In primary school, the length of the school year is a minimum of 175 days and runs from September to the end of June, but in general the annual number of school days is 200. Children attend classes 5 days a week (Monday to Friday) for a total of 25 hours per week (as opposed to 30 hours in Catalonia). Each day consists of 5 lessons of 45 to 60 minutes.

School holidays:

  • 12 weeks in summer

  • 15 days at Christmas

  • Between 8 and 11 days at Easter

  • 7 public holidays chosen by the central government

High School

Students attend classes 5 days a week (Monday to Friday), 30 hours per week. Each day consists of 6 lessons of 60 minutes. All communities have a continuous school day except Catalonia, which has a mixed school day (five mornings and three afternoons). In addition, holidays are more or less the same as in primary school.

The grades obtained during the years of the baccalaureate, as well as the French system, are important for access to the university of your choice.

The baccalaureate concludes with the General Baccalaureate Test (PGB).


In some cases, students have to pass an entrance exam before they can enter the university of their choice. Competition can be stiff, since, as mentioned above, acceptance into a university depends largely on grades obtained during high school and in the final exam (Bachillerato).

Tuition fees are relatively the same as in France, around 1,000 euros per year. Excellent students are entitled to lower fees (scholarships). Applications should be made as soon as possible, as soon as the results of the final exams are received, and should be submitted to the universities and sent to the students’ secretariats.


When and how to register

Before the enrolment period, you will have the opportunity to visit the schools you are interested in. In fact, unlike in France, there is no school map, which means that you are not dependent on an establishment depending on where you live. Therefore, the choice is wider, hence the interest of visiting several schools to find the one that suits you best. All state and charter schools organise open days, but also individual appointments if you are unable to attend the “official” open days.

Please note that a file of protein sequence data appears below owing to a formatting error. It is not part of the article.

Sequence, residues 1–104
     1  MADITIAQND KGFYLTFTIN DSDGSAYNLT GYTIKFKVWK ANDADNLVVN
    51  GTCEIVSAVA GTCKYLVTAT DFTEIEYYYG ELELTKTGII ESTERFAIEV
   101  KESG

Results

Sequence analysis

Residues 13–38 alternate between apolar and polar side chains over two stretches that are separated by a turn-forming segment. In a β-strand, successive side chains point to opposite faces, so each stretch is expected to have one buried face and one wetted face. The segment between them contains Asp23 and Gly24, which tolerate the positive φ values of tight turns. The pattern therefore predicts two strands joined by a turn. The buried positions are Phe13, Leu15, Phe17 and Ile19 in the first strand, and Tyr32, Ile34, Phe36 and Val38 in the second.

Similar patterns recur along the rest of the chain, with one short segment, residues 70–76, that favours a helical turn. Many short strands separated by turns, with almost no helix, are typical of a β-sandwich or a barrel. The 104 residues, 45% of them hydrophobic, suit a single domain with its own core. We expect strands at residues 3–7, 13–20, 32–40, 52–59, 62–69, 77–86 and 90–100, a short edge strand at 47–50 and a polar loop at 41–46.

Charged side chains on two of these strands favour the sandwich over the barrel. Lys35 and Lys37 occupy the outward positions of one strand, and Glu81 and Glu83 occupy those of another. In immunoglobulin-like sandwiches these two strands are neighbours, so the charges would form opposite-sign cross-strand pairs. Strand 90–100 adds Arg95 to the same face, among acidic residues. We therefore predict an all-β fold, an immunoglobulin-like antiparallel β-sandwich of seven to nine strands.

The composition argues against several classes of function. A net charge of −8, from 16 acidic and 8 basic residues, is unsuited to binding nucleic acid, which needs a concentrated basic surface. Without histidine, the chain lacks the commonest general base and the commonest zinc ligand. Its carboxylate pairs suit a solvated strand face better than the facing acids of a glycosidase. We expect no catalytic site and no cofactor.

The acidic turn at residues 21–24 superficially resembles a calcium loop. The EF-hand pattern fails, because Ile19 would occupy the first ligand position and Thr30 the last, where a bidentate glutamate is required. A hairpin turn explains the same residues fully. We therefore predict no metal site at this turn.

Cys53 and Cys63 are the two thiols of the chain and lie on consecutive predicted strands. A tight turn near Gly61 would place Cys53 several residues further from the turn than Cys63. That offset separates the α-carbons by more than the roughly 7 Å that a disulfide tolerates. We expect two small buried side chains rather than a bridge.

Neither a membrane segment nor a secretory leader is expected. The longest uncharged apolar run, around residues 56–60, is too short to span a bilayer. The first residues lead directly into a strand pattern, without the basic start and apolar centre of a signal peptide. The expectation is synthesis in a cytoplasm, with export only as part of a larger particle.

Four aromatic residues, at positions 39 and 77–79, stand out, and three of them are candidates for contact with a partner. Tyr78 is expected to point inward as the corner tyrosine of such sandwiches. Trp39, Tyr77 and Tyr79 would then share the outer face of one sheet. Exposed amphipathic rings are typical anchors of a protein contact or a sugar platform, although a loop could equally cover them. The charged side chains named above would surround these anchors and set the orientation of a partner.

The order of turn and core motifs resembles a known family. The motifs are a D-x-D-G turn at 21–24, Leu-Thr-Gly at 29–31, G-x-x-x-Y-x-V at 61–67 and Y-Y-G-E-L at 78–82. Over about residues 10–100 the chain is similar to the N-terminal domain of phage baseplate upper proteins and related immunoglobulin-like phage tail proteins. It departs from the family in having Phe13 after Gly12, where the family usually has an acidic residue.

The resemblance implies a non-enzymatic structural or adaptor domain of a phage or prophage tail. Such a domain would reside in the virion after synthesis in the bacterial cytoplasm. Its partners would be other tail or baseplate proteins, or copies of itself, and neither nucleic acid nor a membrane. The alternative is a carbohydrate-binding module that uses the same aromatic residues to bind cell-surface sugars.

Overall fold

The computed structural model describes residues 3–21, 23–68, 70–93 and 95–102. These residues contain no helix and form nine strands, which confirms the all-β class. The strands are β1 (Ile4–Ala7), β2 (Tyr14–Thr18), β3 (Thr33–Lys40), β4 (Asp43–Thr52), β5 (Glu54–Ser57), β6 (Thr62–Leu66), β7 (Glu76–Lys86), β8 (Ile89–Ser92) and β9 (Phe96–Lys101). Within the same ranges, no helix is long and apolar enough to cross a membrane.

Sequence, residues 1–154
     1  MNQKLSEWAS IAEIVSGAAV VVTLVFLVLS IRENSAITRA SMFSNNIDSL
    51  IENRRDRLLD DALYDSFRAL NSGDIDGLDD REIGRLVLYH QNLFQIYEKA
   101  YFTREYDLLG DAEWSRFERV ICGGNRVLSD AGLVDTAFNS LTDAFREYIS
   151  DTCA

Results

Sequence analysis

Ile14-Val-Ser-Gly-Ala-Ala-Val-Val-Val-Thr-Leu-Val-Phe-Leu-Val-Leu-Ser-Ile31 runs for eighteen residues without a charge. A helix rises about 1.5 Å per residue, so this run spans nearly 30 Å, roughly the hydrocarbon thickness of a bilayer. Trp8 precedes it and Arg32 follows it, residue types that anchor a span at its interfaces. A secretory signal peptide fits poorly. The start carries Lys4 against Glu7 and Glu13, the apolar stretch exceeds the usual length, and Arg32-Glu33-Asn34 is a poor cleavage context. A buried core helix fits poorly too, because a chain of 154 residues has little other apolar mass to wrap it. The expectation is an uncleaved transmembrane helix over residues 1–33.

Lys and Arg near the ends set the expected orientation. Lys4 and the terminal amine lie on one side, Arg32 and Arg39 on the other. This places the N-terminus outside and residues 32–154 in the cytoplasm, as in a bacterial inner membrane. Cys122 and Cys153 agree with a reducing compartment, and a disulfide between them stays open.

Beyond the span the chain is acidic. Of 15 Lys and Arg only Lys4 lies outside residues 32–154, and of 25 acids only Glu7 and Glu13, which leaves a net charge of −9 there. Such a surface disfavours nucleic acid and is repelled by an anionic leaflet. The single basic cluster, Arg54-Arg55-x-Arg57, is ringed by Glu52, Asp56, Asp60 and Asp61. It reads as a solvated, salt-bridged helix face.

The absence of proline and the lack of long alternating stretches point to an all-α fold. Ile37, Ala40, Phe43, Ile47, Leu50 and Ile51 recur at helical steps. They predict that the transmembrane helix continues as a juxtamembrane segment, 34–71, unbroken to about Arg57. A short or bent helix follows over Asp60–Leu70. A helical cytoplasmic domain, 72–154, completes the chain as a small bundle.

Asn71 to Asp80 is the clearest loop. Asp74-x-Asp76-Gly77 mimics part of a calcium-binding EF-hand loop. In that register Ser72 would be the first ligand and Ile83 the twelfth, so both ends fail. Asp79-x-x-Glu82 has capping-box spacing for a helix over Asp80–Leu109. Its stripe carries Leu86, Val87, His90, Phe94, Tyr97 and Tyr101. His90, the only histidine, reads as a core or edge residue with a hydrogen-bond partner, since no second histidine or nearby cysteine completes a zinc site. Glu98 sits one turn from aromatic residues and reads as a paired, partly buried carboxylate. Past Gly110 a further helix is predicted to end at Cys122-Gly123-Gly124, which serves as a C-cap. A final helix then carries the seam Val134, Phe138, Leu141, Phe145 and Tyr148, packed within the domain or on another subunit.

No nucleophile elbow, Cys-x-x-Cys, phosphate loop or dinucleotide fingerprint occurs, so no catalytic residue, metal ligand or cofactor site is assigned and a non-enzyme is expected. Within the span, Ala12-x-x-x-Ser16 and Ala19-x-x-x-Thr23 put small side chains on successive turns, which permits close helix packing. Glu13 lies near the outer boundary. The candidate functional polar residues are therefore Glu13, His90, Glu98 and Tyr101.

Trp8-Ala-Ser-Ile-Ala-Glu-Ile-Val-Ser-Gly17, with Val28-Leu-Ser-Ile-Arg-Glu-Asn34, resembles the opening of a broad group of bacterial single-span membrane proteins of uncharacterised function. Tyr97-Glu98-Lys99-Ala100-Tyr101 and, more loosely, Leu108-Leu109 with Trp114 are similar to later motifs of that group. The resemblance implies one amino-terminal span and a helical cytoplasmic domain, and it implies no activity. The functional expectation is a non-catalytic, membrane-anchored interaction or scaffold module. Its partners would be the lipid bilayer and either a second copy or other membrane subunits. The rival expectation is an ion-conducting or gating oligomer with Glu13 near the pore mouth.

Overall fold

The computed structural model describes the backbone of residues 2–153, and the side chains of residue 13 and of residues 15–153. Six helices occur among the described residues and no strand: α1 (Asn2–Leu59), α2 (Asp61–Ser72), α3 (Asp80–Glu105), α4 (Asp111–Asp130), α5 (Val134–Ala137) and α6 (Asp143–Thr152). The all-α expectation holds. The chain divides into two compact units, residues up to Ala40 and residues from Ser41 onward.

In February/March, you will have the opportunity to discuss the educational projects, see the facilities and ask any questions you may have during these meetings. The dates of the open days are usually indicated on the schools’ websites, but feel free to call the schools directly to arrange your visits.

In April the pre-enrolment period takes place, i.e. the choice of schools is made in order of preference. This list will only be sent to the school at the top of your list. You can apply online or offline. On the website of the Community of Madrid you will find the documents you need to fill in to apply for a place. These pre-enrolment dates depend on Easter (usually the following week).

A first allocation list and a waiting list will be published at the beginning of May. At the end of May, depending on the choices of each person, the final allocations will be made.

Rates :

  • It depends a lot on the school, its location and its status (private or public), but the fees are usually low.

  • There are scholarships and grants for Spanish and foreign students.

  • There are significant price differences between regions, but in general Madrid and Barcelona are the most expensive.

  • Finding a student job is not a simple matter, so it is best not to rely too much on it.

  • For accommodation, some universities have their own student campuses. Prices also depend on the location.

  • Most Spanish or foreign students are covered by health insurance.

  • Students over the age of 28 who are not covered must take out private insurance.


You can also read our article on how to live and settle in Spain and the 7 mistakes you shouldn’t make when settling in.


Visit us at tas-consultoria.com and find out about all the services we offer especially for expatriates.

Published on par Jonatan Carbonell